2:41pm

Wed June 4, 2014
Environment

Following Greeley Quake, Scientists Install Network To Look For More

After a rare magnitude 3.4 earthquake northeast of Greeley, scientists hope to learn more about any possible future quakes in the area. They’ve quickly mobilized to set up a network of five instruments that monitor for earthquakes, all around the epicenter of the original one.

William Yeck, a seismologist and doctoral candidate at the University of Colorado, Boulder, said the new stations, which hold seismometers that measure earth movement, will help better pinpoint quake depths and locations.

“If we have stations surrounding the earthquake we are able to pick the exact time that we observe it at the seismometer, and then triangulate back to the location of the earthquake,” Yeck said.

Earthquakes are unusual in the area; the last time Greeley experienced an earthquake was 45 years ago. Over the past few years, the number of earthquakes in the United States has risen significantly.

Scientists have connected some of these quakes with the disposal of wastewater from oil and gas activities, particularly in Oklahoma, which has experienced significant uptick in quakes, but also in other parts of the country. No one knows whether the recent Greeley quake was related to wastewater injection. If there are more quakes in Weld County, the new network will help researchers know if there is a link.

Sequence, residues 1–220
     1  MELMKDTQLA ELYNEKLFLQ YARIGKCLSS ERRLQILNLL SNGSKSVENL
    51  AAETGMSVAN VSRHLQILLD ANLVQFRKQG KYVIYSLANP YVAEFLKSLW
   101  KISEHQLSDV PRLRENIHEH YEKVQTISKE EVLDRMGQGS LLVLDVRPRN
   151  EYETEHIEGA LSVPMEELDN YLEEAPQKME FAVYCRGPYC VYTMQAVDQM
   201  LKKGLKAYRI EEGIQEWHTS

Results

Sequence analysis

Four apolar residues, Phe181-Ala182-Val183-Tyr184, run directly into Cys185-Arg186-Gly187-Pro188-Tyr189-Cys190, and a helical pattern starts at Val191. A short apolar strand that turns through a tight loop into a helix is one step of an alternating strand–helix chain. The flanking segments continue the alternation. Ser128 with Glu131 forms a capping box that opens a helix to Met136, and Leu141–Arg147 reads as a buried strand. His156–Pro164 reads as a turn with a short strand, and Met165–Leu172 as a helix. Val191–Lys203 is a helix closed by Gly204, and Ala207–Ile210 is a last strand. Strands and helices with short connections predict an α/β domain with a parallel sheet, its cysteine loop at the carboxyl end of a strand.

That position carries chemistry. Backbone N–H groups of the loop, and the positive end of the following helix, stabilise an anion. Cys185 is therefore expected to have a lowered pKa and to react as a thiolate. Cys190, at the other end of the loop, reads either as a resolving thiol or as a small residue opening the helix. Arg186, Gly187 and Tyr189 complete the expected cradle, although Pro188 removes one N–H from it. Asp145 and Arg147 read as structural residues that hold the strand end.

Jenny Nakai, a seismologist and doctoral student and Matthew Weingarten, a hydrogeologist and doctoral candidate from the University of Colorado align, level and bury a seismometer outside of Gill, Colo., June 4, 2014.

Matthew Weingarten, a hydrogeologist and graduate student at the University of Colorado, Boulder, helped Yeck install the new network.

“We’re trying to figure out where the earthquakes are and how close they are to the wells. The closer they are to the wells in space and in depth, the more likely it is that this is possibly not a natural event,” said Weingarten.

The monitoring network will be in place for at least a month. If it detects additional earthquakes, it may remain longer.